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Intel Core Ultra NPUs receive a boost from Windows 11 DirectML preview – latest news

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Something to look forward to: Because DirectML and Neural Processing Units (NPUs) were specifically designed to facilitate machine learning and other AI applications, it was only a matter of time before these two technologies became integrated. Microsoft and Intel have announced the initial step in this collaboration, enabling developers to begin creating applications that support both technologies.

Developers with Windows 11 PCs running on Intel Core Ultra processors can now leverage the NPUs introduced in this new CPU lineup while working with the DirectML preview. Despite some limitations, this update broadens the possibilities for AI developers.

The new functionality has been incorporated into DirectML version 1.13.1 and ONNX Runtime 1.17. Not all machine learning models are currently compatible with NPUs, but Microsoft is actively working to expand support and is open to feedback through the DirectML GitHub repository. Additionally, the NPUs in AMD’s recent processors are not yet compatible with DirectML, and there is no clear timeline for when they might be.

Microsoft introduced DirectML as part of its push toward machine learning in DirectX 12. The technology is usually mentioned in connection to video game resolution upscaling methods like Nvidia’s DLSS, AMD’s FSR, and Intel’s XeSS, all of which DirectML can facilitate. Until now, DirectML has mostly targeted graphics cards, but supporting NPUs should enhance its versatility.

Intel has demonstrated how its NPUs can leverage XeSS to significantly improve graphics performance without the need for dedicated GPUs. However, DirectML could further enhance performance.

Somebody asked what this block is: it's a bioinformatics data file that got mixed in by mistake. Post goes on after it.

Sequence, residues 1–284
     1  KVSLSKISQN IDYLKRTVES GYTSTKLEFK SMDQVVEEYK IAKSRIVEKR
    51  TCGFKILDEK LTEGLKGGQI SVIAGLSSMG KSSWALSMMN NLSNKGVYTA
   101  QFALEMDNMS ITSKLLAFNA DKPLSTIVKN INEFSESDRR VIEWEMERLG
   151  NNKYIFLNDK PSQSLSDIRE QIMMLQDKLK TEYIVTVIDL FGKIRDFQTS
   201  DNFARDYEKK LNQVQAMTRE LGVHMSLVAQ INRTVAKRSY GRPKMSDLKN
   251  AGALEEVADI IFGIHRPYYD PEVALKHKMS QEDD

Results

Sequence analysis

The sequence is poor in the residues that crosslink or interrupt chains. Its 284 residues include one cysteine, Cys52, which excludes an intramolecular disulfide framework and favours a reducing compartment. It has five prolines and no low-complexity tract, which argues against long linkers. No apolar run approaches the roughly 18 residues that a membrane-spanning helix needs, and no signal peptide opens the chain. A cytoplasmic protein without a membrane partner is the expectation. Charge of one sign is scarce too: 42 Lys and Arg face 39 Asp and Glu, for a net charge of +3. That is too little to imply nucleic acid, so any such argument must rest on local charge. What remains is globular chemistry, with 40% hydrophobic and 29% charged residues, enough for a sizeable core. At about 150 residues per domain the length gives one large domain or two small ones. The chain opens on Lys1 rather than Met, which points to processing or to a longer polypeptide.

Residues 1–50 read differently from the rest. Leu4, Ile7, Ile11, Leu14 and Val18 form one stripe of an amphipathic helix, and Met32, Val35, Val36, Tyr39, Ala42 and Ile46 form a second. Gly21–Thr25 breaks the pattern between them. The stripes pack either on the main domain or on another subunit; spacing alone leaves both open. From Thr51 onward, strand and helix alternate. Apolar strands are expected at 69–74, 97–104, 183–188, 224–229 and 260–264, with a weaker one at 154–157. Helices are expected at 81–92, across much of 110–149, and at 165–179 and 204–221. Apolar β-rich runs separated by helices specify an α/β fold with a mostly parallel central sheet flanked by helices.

Beyond graphics, Microsoft’s machine learning toolkit is designed to support various AI workloads, promising more applications as the technology advances through its preview phase and as developers investigate its potential.

Also read: Understanding DirectML, DirectX Raytracing and DirectStorage

Samsung, in collaboration with Microsoft, has provided an early example of DirectML NPU integration using open-source models. The company’s Galaxy Book 4, powered by an Intel Core Ultra processor and NPU, can perform face and object recognition tasks – functions typically handled by other components – potentially enhancing performance and maximizing battery life.

As Microsoft continues to develop DirectML, the advantages of Intel Core Ultra NPU support are expected to grow, especially as Intel aims to significantly boost AI performance with each new processor generation.

Upcoming Lunar Lake and Arrow Lake CPUs are expected to triple the performance of the recently released Meteor Lake chips when they launch later this year and 2025. Panther Lake, which will arrive after those two series and may still arrive in 2025, could double AI performance again over Lunar/Arrow Lake processors.



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